The Line however has taken that idea and crossed it with the Borg’s Cube (from Star Trek) and thrown in some renderings of cities after an apocalypse, and calls it Zero Gravity Urbanism.
The Line’s public parks and pedestrian areas, schools, homes and places for work, they say, are layered vertically, allowing citizens to move effortlessly and reach all daily needs within five minutes. The city’s exterior will be one giant mirror facade (something Saudi Arabia has done well in this mirror museum Maraya in the desert) to allow The Line to “blend” with nature for “magical moments”.
Environmental artist Pablo Solomon, from Texas, comments: “While the billionaires can do what they choose to do with their money [the solution is]: planting trees, conserving water, developing ways to clean emissions from reliable fossil fuels, desalinating water, developing hydroelectric and small nuclear reactors, finding ways to effectively/efficiently store electricity, etc.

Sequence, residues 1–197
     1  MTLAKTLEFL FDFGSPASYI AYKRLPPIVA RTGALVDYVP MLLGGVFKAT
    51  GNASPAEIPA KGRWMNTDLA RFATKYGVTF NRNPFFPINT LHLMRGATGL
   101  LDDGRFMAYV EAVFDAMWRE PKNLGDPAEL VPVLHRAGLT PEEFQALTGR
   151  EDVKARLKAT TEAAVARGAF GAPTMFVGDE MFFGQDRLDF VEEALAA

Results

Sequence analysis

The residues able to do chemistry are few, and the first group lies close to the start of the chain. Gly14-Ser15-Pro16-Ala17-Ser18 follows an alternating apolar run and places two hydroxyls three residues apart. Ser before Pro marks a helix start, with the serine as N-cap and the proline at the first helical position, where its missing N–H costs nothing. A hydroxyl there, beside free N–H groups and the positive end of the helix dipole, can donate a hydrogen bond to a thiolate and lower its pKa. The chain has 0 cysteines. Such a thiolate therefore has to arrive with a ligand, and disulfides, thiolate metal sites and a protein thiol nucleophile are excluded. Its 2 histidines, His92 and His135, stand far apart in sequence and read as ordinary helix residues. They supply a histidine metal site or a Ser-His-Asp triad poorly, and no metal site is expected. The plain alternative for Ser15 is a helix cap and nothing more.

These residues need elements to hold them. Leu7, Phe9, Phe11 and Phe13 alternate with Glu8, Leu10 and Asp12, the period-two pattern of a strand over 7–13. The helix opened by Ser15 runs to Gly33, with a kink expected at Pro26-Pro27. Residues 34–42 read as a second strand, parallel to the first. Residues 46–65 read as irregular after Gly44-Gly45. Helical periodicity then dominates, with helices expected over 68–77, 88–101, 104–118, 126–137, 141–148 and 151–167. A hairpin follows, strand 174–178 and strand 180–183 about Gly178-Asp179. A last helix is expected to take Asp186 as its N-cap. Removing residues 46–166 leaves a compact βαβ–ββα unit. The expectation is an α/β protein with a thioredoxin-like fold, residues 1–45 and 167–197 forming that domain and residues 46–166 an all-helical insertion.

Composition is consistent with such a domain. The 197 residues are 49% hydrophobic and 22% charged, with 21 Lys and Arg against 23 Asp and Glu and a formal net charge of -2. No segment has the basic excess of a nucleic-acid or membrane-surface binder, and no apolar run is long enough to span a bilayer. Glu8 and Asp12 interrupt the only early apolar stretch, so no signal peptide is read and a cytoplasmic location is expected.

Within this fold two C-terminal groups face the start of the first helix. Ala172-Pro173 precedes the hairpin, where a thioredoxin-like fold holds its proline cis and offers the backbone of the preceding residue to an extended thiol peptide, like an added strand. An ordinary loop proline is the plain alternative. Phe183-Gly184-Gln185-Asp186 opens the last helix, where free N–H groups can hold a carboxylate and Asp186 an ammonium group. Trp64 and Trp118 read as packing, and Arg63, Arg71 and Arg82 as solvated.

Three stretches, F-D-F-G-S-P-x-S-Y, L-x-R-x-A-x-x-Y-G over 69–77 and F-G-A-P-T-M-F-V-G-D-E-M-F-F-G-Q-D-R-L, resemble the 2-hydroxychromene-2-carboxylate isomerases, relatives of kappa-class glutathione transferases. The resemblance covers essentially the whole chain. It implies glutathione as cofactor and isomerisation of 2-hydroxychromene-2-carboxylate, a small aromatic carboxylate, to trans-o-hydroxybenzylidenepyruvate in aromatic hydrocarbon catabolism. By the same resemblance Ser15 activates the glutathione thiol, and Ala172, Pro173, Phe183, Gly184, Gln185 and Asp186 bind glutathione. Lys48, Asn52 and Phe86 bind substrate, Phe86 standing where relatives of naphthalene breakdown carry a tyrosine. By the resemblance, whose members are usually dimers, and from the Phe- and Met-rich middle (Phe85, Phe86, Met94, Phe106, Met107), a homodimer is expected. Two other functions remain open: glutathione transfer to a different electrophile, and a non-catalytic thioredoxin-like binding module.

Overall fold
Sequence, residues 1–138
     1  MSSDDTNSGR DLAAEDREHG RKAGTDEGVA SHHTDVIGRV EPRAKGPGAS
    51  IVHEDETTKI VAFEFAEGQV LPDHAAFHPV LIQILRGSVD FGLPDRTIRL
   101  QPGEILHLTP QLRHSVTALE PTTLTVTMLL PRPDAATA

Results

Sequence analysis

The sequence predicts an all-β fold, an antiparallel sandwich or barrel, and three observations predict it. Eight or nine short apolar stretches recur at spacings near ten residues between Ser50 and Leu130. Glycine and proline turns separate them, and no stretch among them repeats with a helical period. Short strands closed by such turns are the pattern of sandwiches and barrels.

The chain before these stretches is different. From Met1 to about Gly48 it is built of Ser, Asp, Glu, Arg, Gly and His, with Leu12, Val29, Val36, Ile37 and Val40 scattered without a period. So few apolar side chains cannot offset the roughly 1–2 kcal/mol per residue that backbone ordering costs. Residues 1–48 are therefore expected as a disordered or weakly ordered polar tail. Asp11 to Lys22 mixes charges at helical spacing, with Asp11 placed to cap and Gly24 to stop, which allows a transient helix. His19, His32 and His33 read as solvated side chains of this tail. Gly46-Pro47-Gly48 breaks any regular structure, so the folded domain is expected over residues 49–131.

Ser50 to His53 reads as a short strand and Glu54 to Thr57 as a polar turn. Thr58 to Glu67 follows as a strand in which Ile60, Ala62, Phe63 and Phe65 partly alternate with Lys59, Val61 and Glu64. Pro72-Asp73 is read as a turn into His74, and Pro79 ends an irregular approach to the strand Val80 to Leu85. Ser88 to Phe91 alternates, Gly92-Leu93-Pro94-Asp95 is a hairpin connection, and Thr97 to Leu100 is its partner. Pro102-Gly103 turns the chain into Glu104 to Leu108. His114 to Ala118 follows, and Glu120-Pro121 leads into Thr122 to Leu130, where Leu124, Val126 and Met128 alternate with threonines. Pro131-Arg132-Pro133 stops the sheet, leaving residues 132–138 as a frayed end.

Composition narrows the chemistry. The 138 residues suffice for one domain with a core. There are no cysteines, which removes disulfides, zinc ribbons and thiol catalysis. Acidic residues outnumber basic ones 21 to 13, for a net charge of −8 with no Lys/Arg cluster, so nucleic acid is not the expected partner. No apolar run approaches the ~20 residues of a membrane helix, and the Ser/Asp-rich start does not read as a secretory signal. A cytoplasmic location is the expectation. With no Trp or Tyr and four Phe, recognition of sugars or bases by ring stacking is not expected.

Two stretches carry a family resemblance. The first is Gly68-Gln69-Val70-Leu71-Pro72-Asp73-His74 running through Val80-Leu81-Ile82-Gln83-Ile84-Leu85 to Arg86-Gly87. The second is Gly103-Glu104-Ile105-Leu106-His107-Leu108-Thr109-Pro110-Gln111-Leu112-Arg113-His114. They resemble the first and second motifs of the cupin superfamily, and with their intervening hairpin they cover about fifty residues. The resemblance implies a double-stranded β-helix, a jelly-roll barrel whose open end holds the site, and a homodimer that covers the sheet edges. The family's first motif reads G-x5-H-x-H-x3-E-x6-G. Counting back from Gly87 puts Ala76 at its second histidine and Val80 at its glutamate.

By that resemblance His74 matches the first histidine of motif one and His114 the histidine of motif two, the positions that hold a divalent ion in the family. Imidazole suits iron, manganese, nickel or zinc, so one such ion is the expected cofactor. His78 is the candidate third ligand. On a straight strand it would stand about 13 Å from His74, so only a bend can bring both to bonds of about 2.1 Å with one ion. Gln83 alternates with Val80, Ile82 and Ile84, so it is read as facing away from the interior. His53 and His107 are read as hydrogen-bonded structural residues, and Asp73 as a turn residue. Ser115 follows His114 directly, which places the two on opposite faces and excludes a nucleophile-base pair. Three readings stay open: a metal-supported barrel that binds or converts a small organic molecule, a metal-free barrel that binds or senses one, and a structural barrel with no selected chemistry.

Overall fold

“I have to give the Saudis an A for creativity—but a D for practicality. However, it will be fun to watch the sand pile up on either side of their 21st Century Hadrian’s wall,” Solomon adds.
Touted as a smart city that will be digitized and cost hundreds of billions to build, there is no mention of the real future, the future of a decentralized city where people own access to their own data and financial freedom. A future will people will be able to have a small plot of land, grow their own food, barter, and live with prosperity of their own making. The Line will just make you a soldier for capitalists.